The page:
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Ukraine forces, rebels clash before possible ceasefire - ASHARQ AL-AWSAT English Archive 2005 -2017
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Soldiers of the Ukrainian self-defence battalion Azov take a break at a check point on a road in the eastern Ukrainian city of Mariupol Ukraine, 05 September 2014. (EPA/Natoly Maltsev)

Soldiers of the Ukrainian self-defence battalion Azov take a break at a check point on a road in the eastern Ukrainian city of Mariupol Ukraine, 05 September 2014. (EPA/Natoly Maltsev)

Mariupol and Donetsk, Reuters—Ukrainian forces and pro-Russian rebels clashed just east of the strategic port of Mariupol on Friday, hours before envoys from Ukraine and Russia were expected to announce a ceasefire as the starting point for a wider peace plan.

Renewed gunfire and artillery fire were also heard in Donetsk, the rebels’ main stronghold in eastern Ukraine, from near the city’s airport which remains in government hands.

Ukraine says its forces are trying to repel a big offensive by the rebels to take Mariupol, a port city of around 500,000 on the Sea of Azov crucial for its steel exports. It stands about halfway between Russia and the Russian-annexed Crimea region.

“Our artillery has come and is being deployed against the (pro-Russian) rebels,” the mayor of Mariupol, Yuri Khotlubey, told Ukraine’s 112 TV channel.

The Azov volunteer militia said in a social media post that its men, along with Ukrainian troops, had staged a counter-offensive in the direction of Novoazovsk, a coastal town further east near the Russian border that was seized by rebels in late August. This report could not be immediately confirmed.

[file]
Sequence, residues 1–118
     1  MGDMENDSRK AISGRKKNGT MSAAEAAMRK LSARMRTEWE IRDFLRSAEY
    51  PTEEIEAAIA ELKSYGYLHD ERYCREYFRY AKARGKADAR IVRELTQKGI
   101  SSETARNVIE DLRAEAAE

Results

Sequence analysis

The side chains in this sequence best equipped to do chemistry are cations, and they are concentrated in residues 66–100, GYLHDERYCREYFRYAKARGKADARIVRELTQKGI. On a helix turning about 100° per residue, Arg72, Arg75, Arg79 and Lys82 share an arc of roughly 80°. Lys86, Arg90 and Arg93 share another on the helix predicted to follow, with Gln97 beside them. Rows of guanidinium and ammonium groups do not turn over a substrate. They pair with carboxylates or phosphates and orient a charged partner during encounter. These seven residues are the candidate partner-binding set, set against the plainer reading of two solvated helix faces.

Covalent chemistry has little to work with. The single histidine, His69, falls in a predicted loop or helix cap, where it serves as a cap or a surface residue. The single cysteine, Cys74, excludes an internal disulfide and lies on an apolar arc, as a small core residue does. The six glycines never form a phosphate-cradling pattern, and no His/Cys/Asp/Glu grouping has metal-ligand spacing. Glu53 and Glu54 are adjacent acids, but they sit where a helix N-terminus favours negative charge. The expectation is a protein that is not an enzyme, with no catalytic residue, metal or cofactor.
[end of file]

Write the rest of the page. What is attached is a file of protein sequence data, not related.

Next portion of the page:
“We are fighting for every meter of our land. The situation is extremely difficult,” it said in the post.

Mariupol became a major focus of concern for Ukraine after the rebels broke away from their main strongholds further north in late August—backed, Kiev says, by Russian regular forces.

Russia denies sending troops and weapons into Ukraine, despite what NATO says is overwhelming evidence to the contrary.

A Ukrainian army doctor showed the fragment of a shell he said had killed a woman and two children in a village near Mariupol. “It was a Russian rocket, we know it from its markings,” he said.

Representatives from Ukraine, the pro-Russian rebel leadership, Russia and Europe’s OSCE security watchdog are expected to meet in the Belarussian capital Minsk and to sign around 0700 ET a peace plan for the region that will impose a ceasefire by both sides.

However, few in eastern Ukraine, wearied by nearly six months of conflict, have much hope that a ceasefire can hold and some said it was a bad idea that would only benefit the enemy.

“A ceasefire would be a disaster, we would lose everything. By fighting we can resist the invasion and send them back. With a ceasefire they will consolidate and carry on after a while,” said Ukrainian soldier Taras.

Another Ukrainian soldier who gave his name as Mykola said Ukrainian President Petro Poroshenko—who was attending the second day of a NATO summit in Wales on Friday—would “betray the country” if he backed a peace plan at this time.

“If he goes for a peace plan, then all these dead and wounded and exiled and all the homes burned and jobs lost and money lost, it was all for nothing,” he said.

In rebel-held Donetsk, where residents mostly tend to blame the Ukrainian side for the conflict, scepticism was also strong.

“I doubt Ukraine would go for any ceasefire. Poroshenko may announce it for the army but there are also the Kolomoisky battalions,” said Denis Tikhinov, 22, who worked for a computer servicing firm before it shut because of the fighting.

He was referring to battalions formed by Ihor Kolomoiksy, a wealthy businessman and governor of the Dnipropetrovsk region, to help fight the pro-Russian separatists.

“When the first ceasefire was announced by Poroshenko, Kolomoisky said there would be no such thing and gave orders to his battalions to go on destroying the city and civilians.”

On Friday morning, people queued to get water from cisterns, to sign up for humanitarian aid and to withdraw money from the cash machine of one of the few banks still working in the city, which had a pre-war population of about one million.

“I have no hopes. Poroshenko is a traitor, he makes promises but he’s just lying to the people,” said pensioner Lidia.